Meeting News

ACIP recommends single-dose revaccination for infants born to HBV-infected mothers

The Advisory Committee on Immunization Practices voted today in favor of a single-dose alternative to 3-dose revaccination for infants born to hepatitis B surface antigen-positive mothers who failed to respond to the initial hepatitis B vaccination series.

In a 13-1 vote, with one recusal, the committee approved the recommendation that HBsAg-negative infants with hepatitis B surface antibody levels <10 IU/L should be revaccinated with a single dose of hepatitis B vaccine, followed by post-vaccination serologic testing 1-2 months later.

“Infants whose antibody levels remain less than 10 IU/L following single-dose revaccination should receive two additional doses of vaccine, followed by retesting 1-2 months following the last dose,” Noele Nelson, MD, PhD, MPH, from the CDC’s division of viral hepatitis, said during the meeting.

Prior recommendations had instructed providers to order post-vaccination serologic testing, consisting of HBsAg and antibody to HBsAg for infants born to HBsAg-positive others at age 9-12 months, or 1-2 months following the final dose of the vaccine series if the series was delayed.

Data reviewed both by the Advisory Committee on Immunization Practices (ACIP) and its working group indicated that fewer vaccine doses would allow for shorter duration of case management and would be more cost-effective. However, the working group did note that having both single-dose and three-dose revaccination options would require additional provider/parent decision-making.

“Based on clinical circumstances or family preference, HBsAg-negative infants with hepatitis B surface antibody levels less than 10 IU/L may instead be revaccinated with a second complete three-dose series followed by post-vaccination serologic testing performed 1-2 months after the final vaccine,” Nelson said. “However, available data do not suggest a benefit for administering additional vaccines doses to infants who have not attained antibody levels greater than or equal to 10 IU/L following receipt of two complete vaccine series.” – by Bob Stott

Disclosure: The researchers report no relevant financial disclosures.

The Advisory Committee on Immunization Practices voted today in favor of a single-dose alternative to 3-dose revaccination for infants born to hepatitis B surface antigen-positive mothers who failed to respond to the initial hepatitis B vaccination series.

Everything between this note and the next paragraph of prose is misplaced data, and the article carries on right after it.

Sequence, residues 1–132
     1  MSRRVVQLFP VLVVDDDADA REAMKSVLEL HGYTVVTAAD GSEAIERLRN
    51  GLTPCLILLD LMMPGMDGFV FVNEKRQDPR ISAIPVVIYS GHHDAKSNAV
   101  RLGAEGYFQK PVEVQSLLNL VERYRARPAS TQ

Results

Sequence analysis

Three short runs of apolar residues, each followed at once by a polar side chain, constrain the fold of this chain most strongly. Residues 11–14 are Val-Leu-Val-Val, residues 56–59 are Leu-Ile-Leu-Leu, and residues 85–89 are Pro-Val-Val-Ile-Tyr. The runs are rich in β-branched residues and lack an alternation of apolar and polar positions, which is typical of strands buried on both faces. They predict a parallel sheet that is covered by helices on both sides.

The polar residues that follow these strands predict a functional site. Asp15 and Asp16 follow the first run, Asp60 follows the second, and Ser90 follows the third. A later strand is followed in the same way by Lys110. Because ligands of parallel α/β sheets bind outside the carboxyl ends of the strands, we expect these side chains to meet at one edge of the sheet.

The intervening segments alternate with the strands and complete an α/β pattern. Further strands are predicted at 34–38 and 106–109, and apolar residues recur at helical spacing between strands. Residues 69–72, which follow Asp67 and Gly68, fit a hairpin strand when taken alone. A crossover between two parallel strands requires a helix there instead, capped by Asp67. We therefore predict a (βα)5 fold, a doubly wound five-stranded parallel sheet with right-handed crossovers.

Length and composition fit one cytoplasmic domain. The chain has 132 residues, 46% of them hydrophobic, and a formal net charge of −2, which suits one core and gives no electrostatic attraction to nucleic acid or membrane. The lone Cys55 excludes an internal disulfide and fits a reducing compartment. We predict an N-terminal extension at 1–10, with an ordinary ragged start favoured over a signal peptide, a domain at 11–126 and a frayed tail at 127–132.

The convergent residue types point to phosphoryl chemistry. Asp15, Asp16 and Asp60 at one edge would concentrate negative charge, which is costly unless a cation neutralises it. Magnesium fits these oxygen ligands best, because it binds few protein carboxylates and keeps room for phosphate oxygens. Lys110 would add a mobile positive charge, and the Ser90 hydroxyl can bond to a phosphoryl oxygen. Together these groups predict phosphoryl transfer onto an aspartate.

In a 13-1 vote, with one recusal, the committee approved the recommendation that HBsAg-negative infants with hepatitis B surface antibody levels <10 IU/L should be revaccinated with a single dose of hepatitis B vaccine, followed by post-vaccination serologic testing 1-2 months later.

“Infants whose antibody levels remain less than 10 IU/L following single-dose revaccination should receive two additional doses of vaccine, followed by retesting 1-2 months following the last dose,” Noele Nelson, MD, PhD, MPH, from the CDC’s division of viral hepatitis, said during the meeting.

Prior recommendations had instructed providers to order post-vaccination serologic testing, consisting of HBsAg and antibody to HBsAg for infants born to HBsAg-positive others at age 9-12 months, or 1-2 months following the final dose of the vaccine series if the series was delayed.

Data reviewed both by the Advisory Committee on Immunization Practices (ACIP) and its working group indicated that fewer vaccine doses would allow for shorter duration of case management and would be more cost-effective. However, the working group did note that having both single-dose and three-dose revaccination options would require additional provider/parent decision-making.

“Based on clinical circumstances or family preference, HBsAg-negative infants with hepatitis B surface antibody levels less than 10 IU/L may instead be revaccinated with a second complete three-dose series followed by post-vaccination serologic testing performed 1-2 months after the final vaccine,” Nelson said. “However, available data do not suggest a benefit for administering additional vaccines doses to infants who have not attained antibody levels greater than or equal to 10 IU/L following receipt of two complete vaccine series.” – by Bob Stott

Disclosure: The researchers report no relevant financial disclosures.